Panasonic Lumix DMC-TZ80 Review

February 5, 2016 | Amy Davies |
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Image Quality

All of the sample images in this review were taken using the 18 megapixel Fine JPEG setting, which gives an average image size of around 6Mb.

Panasonic has increased the pixel count of the Lumix DMC-TZ80 from the TZ70's 12 million pixels. At the time of the TZ70's launch, Panasonic claimed that using 12 million pixels was a deliberate decision to get high image quality from having larger pixels.

Somewhere along the line that decision has been reversed, and as a result, it seems that image quality from the Panasonic Lumix DMC-TZ80 doesn't quite match the TZ70's high quality in some situations. In bright light, the TZ80 is very capable, but even at relatively low ISOs (such as 200), you can see image smoothing and loss of detail, which only gets worse the higher up the sensitivity scale you go.

Although noise isn't particularly visible until fairly high up the sensitivity range - it only starts to become problematic when you reach ISO 3200, this seems to be as a result of extensive image smoothing which render those shots taken at the highest settings of ISO 1600 only really useable at small printing or sharing sizes.

At present, it's not possible to open the Panasonic Lumix DMC-TZ80's raw files using Adobe Camera Raw. You can download Panasonic's own Silkypix software to open and edit the RW2 files instead. If you switch off the default “sharpness”, you can see a lot more noise appearing in ISO 1600 and above images - but also a lot more detail. With that in mind, you can adjust the amount of noise reduction if you would prefer more detail, which could potentially save some shots which have lots of fine areas.

Most of the time, the camera's all-purpose metering system does a good job of accurately assessing the scene to produce balanced exposures. Automatic white balance also copes well most of the time, but it can be a little thrown by mixed lighting situations (for instance, an illuminated room which also has some natural light coming in from a window). In these cases, it's best to switch to a specific white balance setting, such as Fluorescent.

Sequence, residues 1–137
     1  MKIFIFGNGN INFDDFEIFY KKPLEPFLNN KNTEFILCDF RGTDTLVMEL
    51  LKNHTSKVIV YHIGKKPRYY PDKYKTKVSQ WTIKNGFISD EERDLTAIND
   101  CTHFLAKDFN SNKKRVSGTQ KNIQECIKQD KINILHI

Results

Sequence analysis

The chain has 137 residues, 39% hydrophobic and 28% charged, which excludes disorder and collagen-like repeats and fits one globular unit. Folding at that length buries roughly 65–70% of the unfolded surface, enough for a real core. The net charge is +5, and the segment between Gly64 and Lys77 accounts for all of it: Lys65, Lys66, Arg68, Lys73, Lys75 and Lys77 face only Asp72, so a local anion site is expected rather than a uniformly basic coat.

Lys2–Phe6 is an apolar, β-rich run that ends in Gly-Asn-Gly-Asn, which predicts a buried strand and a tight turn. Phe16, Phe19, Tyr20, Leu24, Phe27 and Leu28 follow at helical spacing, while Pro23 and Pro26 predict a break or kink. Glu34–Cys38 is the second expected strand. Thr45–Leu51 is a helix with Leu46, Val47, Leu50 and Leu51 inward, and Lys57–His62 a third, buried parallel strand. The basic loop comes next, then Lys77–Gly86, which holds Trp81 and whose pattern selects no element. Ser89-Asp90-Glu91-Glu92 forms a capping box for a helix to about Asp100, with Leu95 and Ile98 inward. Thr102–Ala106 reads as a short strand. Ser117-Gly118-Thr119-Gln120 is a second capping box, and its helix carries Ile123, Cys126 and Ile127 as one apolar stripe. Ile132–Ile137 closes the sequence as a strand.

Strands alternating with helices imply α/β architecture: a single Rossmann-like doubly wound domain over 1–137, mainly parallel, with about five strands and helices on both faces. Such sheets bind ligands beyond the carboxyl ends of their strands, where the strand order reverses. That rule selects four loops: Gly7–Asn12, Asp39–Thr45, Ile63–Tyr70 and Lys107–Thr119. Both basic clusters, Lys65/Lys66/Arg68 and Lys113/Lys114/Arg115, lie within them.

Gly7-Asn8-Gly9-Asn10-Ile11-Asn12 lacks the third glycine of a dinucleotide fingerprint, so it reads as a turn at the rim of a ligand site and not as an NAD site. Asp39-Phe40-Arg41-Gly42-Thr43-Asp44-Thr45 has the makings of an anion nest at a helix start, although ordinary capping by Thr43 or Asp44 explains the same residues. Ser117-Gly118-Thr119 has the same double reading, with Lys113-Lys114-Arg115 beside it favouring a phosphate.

At the end of the 30x optical zoom, it's also possible to see some loss of detail, and again, it seems as if the Panasonic Lumix DMC-TZ80 can't quite match the TZ70 in terms of sharpness and clarity. Images taken at other focal lengths, such as 10x or 20x, fare better though. On the plus side, the camera's inbuilt optical image stabilisation does a good job of keeping images free from blur when using the full reach of the optical zoom.

Noise

There are 8 ISO settings available on the Panasonic Lumix DMC-TZ80. Here are some 100% crops which show the noise levels for each ISO setting.

JPEG RAW

ISO 80 (100% Crop)

ISO 80 (100% Crop)

iso80.jpg iso80raw.jpg
   

ISO 100 (100% Crop)

ISO 100 (100% Crop)

iso100.jpg iso100raw.jpg
   

ISO 200 (100% Crop)

ISO 200 (100% Crop)

iso200.jpg iso200raw.jpg
   

ISO 400 (100% Crop)

ISO 400 (100% Crop)

iso400.jpg iso400raw.jpg
   

ISO 800 (100% Crop)

ISO 800 (100% Crop)

iso800.jpg iso800raw.jpg
   

ISO 1600 (100% Crop)

ISO 1600 (100% Crop)

iso1600.jpg iso1600raw.jpg
   

ISO 3200 (100% Crop)

ISO 3200 (100% Crop)

iso3200.jpg iso3200raw.jpg
   

ISO 6400 (100% Crop)

ISO 6400 (100% Crop)

iso6400.jpg iso6400raw.jpg

Sharpening

Here are two 100% crops which have been Saved as Web - Quality 50 in Photoshop. The right-hand image has had some sharpening applied in Photoshop. The out-of-the camera images are a little soft at the default sharpening setting and benefit from some further sharpening in a program like Adobe Photoshop. You can change the in-camera sharpening level via the Picture Adjust menu option.

Original (100% Crop)

Sharpened (100% Crop)

sharpen1.jpg sharpen1a.jpg
   
sharpen2.jpg sharpen2a.jpg

Focal Range

The Panasonic Lumix DMC-TZ80's 30x zoom lens provides a very versatile focal length of 24-720mm in 35mm terms, as demonstrated below.

24mm

720mm

focal_range1.jpg focal_range2.jpg

Chromatic Aberrations

The Panasonic Lumix DMC-TZ80 handled chromatic aberrations well during the review, with some purple fringing present around the edges of objects in certain high-contrast situations, as shown in the examples below.

Chromatic Aberrations 1 (100% Crop)

Chromatic Aberrations 2 (100% Crop)

chromatic1.jpg chromatic2.jpg

Macro

The Panasonic Lumix DMC-TZ80 offers a Macro setting that allows you to focus on a subject that is 3cms away from the camera when the lens is set to wide-angle. The first image shows how close you can get to the subject (in this case a compact flash card). The second image is a 100% crop.

Macro

Macro (100% Crop)

macro1.jpg macro1a.jpg

Flash

The flash settings on the Panasonic Lumix DMC-TZ80 are Auto, Auto/Red-eye Reduction, Forced On, Slow Sync./Red-eye Reduction, Forced Off. These shots of a white coloured wall were taken at a distance of 1.5m.

Forced Off - Wide Angle (24mm)

Forced On - Wide Angle (24mm)

ISO 64 ISO 64
   

Forced Off - Telephoto (720mm)

Forced On - Telephoto (720mm)

ISO 64 ISO 64

And here are some portrait shots.

Flash On

Flash On (100% Crop)

flash_on.jpg flash_on1.jpg
   

Redeye Reduction

Redeye Reduction (100% Crop)
flash_on.jpg flash_on1.jpg

Night

The Panasonic Lumix DMC-TZ80's maximum shutter speed is 60 seconds, which is great news if you're seriously interested in night photography. The shot below was taken using a shutter speed of 4 seconds at ISO 400. The camera takes the same amount of time again to apply noise reduction, so for example at the 15 second setting the actual exposure takes 30 seconds.

Night

Night (100% Crop)

night1.jpg night1a.jpg